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administration appointed asked Balmoral Castle believe Bill borough British Cabinet Chamberlain Chitral Church constituency deal DEAR FOWLER DEAR MORLEY desire difficulty duty election Empire England English expressed father favour feeling following letter glad Gladstone Government Harcourt HENRY H Home Rule honour hope House of Commons House of Lords Imperial Parliament importance India Office interest Ireland Irish justice Lancashire legislation Liberal party London Lord Elgin Lord Hartington Lord Rosebery Lord Wolverhampton matter meeting Member ment Methodism Methodist mind Minister never opinion Parish Councils Parliamentary passed political practical present principle proposed Queen question Railway reform regard religious remember reply Rosebery scheme Secretary sincerely Sir Henry Fowler speech statesman success taxation thanks things thought tion to-day Tories town views vote W. E. GLADSTONE Wesleyan whole Wolver Woodthorne words wrote
103 psl. - But how much nobler will be the Sovereign's boast, when he shall have it to say, that he found law dear, and left it cheap ; found it a sealed book left it a living letter ; found it the patrimony of the rich .left it the inheritance of the poor ; found it the two-edged sword of craft and oppression left it the staff of honesty and the shield of innocence...
282 psl. - But power to do good is the true and lawful end of aspiring. For good thoughts, though God accept them, yet towards men are little better than good dreams, except they be put in act; and that cannot be without power and place, as the vantage and commanding ground.
41 psl. - And there are some, whom a thirst Ardent, unquenchable, fires, Not with the crowd to be spent, Not without aim to go round In an eddy of purposeless dust Effort unmeaning and vain.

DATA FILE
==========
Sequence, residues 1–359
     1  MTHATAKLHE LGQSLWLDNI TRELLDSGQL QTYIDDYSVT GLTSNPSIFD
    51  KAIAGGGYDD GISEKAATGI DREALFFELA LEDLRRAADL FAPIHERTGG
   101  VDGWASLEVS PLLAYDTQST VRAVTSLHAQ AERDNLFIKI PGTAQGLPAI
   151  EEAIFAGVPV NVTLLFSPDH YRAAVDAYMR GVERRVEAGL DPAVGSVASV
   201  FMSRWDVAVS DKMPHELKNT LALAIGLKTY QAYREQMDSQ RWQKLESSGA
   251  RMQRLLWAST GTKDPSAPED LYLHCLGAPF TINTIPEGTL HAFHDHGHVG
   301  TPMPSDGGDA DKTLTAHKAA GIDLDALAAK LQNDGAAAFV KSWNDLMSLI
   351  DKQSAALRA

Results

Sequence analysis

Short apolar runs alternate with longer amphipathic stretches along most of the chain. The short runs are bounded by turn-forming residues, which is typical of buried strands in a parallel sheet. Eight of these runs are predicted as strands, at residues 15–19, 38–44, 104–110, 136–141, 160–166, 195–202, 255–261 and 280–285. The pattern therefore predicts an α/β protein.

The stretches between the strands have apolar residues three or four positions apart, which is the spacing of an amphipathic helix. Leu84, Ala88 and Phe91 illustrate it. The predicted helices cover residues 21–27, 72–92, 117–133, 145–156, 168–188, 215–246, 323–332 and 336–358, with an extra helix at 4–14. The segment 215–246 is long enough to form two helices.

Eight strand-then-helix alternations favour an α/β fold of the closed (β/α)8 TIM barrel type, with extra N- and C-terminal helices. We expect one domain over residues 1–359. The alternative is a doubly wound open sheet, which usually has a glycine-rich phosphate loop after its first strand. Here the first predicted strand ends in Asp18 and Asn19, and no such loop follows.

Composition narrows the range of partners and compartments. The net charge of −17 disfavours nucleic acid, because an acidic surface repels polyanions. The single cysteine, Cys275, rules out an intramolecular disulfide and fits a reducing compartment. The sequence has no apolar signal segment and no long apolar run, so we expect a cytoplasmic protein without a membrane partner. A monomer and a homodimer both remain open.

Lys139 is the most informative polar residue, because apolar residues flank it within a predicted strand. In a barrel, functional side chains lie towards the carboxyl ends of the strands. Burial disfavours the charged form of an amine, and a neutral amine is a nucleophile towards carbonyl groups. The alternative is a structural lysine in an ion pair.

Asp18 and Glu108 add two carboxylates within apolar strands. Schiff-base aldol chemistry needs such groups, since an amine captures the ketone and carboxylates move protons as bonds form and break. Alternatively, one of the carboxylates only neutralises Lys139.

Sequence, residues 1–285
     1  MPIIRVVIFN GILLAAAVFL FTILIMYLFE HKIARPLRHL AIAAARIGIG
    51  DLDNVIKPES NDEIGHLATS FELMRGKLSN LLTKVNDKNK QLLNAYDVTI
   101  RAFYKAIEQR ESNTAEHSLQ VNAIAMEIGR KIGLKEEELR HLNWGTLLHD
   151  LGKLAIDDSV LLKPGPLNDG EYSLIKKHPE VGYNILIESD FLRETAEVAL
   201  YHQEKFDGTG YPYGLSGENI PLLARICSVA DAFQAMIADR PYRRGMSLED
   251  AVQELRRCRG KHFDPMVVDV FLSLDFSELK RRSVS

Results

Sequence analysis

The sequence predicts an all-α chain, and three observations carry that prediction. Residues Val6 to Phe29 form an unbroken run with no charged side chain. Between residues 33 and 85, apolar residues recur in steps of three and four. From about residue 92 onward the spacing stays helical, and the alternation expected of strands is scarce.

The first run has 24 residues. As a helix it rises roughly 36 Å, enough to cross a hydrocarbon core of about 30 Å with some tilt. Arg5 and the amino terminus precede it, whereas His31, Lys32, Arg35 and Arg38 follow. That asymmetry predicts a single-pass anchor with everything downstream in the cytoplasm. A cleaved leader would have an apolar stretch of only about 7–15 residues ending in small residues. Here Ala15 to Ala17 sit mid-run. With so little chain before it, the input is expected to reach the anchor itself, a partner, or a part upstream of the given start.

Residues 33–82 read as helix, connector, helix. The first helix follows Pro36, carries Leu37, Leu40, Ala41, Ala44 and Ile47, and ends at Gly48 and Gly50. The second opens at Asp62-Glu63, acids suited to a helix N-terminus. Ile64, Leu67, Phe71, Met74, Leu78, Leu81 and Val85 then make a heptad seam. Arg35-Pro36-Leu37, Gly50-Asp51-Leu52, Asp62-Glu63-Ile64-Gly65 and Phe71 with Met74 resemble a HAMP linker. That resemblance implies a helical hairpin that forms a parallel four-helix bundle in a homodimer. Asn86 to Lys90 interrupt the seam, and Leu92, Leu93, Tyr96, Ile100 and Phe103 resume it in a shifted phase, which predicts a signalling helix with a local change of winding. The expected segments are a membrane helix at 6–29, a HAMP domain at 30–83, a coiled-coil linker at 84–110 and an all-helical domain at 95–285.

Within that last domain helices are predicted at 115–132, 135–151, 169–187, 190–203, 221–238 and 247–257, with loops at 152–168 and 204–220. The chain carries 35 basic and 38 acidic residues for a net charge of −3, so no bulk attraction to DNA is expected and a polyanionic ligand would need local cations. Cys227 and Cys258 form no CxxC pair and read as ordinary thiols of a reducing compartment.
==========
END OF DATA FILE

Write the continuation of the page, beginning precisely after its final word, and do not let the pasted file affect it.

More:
406 psl. - The nation in every country dwells in the cottage ; and unless the light of your constitution can shine there, unless the beauty of your legislation and the excellence of your statesmanship are impressed there on the feelings and condition of the people, rely upon it you have yet to learn the duties of government.
352 psl. - The Government of India will at no time exercise interference in the territories lying beyond this line on the side of Afghanistan, and His Highness the Amir will at no time exercise interference in the territories lying beyond this line on the side of India.
65 psl. - Arm me with jealous care, As in Thy sight to live, And O Thy servant, Lord, prepare A strict account to give.
251 psl. - Dispute the claims, arrange the chances; Emperor, Ottoman, which shall win: Or whether war's avenging rod Shall lash all Europe into blood; Till you should turn to dearer matters, Dear to the man that is dear to God; How best to help the slender store, How mend the dwellings, of the poor; How gain in life, as life advances, Valour and charity more and more.
265 psl. - Nevertheless local assemblies of citizens constitute the strength of free nations. Municipal institutions are to liberty what primary schools are to science ; they bring it within the people's reach, they teach men how to use and how to enjoy it. A nation may establish a system of free government, but without the spirit of municipal institutions it cannot have the spirit of liberty.